According to Lindsay Stein, the feminist movement #WomenNotObjects is taking the internet by storm, creating a conversation about the unethical portrayal of women in advertising today.
My question for advertisers is: Did you even test these ads on an audience before publishing them?
I’m almost positive that any sane audience would definitely have shot down that horrid Burger King advertisement.
Regardless of the advertisers lack of research, the objectification of women is an epidemic in the advertising industry today. The video “We are #WomenNotObjects” highlights this epidemic and creates a very valuable conversation in the advertising industry about what is okay and not okay in advertising.
With the help of technology, advertisers have so many outlets to reach their audience and send out their message. Advertisers growing reach creates a need for socially responsible advertisements that creates a relationship between the company and the consumer.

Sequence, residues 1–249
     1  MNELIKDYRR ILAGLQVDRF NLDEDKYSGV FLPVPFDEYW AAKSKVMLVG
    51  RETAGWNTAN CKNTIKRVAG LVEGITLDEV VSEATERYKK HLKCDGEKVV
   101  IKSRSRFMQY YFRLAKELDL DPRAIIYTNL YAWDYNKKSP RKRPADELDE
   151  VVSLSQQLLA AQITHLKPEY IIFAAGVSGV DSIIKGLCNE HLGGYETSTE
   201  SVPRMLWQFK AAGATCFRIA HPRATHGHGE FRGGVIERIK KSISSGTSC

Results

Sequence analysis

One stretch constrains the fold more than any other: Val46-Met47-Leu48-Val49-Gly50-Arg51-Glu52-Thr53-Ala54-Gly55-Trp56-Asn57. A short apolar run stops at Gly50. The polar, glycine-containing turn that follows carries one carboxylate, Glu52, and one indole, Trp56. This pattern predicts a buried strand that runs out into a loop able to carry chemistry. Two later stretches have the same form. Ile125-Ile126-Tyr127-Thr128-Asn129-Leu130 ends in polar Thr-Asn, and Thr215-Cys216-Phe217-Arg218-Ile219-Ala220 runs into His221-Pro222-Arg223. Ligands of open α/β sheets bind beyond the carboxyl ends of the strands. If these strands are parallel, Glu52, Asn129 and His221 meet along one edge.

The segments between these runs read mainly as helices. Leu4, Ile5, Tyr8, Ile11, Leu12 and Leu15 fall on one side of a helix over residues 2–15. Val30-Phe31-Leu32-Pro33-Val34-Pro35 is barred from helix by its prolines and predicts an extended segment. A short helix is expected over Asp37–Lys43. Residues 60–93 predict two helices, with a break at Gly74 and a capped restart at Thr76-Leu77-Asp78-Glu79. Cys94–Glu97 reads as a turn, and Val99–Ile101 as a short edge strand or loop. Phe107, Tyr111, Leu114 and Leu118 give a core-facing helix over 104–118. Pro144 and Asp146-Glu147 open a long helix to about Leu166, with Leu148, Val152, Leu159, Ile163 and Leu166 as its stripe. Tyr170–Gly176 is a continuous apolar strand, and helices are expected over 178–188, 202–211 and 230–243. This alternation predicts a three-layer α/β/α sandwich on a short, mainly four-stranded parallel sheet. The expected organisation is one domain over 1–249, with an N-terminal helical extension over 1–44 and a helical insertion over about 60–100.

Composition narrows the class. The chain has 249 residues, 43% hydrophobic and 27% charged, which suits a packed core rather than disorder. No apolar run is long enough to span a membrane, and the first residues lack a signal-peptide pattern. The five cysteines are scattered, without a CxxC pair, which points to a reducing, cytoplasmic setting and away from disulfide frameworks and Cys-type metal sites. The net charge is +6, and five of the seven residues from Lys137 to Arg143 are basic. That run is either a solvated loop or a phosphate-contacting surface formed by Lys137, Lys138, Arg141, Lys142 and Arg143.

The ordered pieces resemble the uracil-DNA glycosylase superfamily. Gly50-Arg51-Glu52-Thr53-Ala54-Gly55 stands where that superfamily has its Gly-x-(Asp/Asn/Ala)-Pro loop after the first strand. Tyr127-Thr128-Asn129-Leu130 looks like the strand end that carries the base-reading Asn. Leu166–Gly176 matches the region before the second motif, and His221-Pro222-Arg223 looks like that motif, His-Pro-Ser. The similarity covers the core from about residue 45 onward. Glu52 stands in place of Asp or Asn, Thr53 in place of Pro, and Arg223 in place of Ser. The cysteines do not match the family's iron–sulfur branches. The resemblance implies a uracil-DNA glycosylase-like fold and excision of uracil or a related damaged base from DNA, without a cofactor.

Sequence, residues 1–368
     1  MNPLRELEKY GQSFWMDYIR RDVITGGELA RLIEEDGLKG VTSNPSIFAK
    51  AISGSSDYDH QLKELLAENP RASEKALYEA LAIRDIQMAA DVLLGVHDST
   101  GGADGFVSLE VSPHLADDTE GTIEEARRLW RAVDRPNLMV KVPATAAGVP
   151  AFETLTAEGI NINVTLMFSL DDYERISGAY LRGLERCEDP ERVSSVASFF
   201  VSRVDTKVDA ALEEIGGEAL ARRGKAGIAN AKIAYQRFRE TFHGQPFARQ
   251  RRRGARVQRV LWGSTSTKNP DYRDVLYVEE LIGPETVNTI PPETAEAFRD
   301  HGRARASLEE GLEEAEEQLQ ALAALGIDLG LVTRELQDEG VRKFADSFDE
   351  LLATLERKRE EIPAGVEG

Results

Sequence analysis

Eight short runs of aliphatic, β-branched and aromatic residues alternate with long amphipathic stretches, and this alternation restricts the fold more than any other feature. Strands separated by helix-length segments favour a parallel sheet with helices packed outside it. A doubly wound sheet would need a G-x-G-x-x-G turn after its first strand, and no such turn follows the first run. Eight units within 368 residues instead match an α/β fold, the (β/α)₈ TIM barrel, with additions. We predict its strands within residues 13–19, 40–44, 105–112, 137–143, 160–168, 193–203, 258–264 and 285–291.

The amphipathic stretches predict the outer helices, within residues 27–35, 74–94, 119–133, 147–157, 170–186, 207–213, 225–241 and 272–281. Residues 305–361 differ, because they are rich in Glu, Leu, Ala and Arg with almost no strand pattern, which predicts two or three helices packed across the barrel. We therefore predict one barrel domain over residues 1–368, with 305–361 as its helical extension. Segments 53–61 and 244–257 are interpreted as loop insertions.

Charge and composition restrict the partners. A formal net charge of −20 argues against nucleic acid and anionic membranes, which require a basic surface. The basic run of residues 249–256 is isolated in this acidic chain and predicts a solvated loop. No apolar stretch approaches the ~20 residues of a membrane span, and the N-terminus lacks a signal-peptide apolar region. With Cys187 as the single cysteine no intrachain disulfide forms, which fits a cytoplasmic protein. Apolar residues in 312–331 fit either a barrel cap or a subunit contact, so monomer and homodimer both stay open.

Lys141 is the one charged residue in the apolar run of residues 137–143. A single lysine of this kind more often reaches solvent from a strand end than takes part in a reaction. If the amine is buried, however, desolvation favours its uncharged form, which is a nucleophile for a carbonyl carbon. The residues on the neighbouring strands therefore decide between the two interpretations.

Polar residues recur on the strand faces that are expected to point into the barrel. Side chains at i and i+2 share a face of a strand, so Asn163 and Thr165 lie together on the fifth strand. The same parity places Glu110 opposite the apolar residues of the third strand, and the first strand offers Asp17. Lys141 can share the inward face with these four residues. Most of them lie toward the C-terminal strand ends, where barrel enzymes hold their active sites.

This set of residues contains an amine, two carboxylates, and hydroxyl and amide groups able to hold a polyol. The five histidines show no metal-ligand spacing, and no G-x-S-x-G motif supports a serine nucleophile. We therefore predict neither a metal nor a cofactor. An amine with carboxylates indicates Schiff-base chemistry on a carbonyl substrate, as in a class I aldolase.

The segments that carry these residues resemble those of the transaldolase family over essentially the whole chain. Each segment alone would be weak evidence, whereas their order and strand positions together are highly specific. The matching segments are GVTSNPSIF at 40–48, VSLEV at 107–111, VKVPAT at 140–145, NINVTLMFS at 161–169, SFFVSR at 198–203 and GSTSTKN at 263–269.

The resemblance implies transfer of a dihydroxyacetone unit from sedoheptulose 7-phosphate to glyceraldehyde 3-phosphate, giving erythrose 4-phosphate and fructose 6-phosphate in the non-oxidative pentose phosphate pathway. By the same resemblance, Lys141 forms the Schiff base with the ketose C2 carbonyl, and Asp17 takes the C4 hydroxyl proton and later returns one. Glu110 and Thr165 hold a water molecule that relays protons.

As I walk down Cordova Street towards the parking garage, like I do everyday, I do not want to be assaulted by creepy men catcalling me, and at the same time, as I walk down Cordova Street looking at my phone, I do not want to be assaulted with insulting, demeaning advertisements either. Advertisements that offend me are probably not going to make me want to buy that product, and I am positively more likely to discourage others from buying the product as well.
There is a growing disdain for advertisements a whole because they continually show up in every aspect of our lives. I cannot even walk down the street without advertisements popped up on my phone, mounted on the bus as it passes by and stapled to the telephone poles. It’s impossible to evade the ads, so why should we stand for advertisements that make us uncomfortable, inferior, or worse, objectified?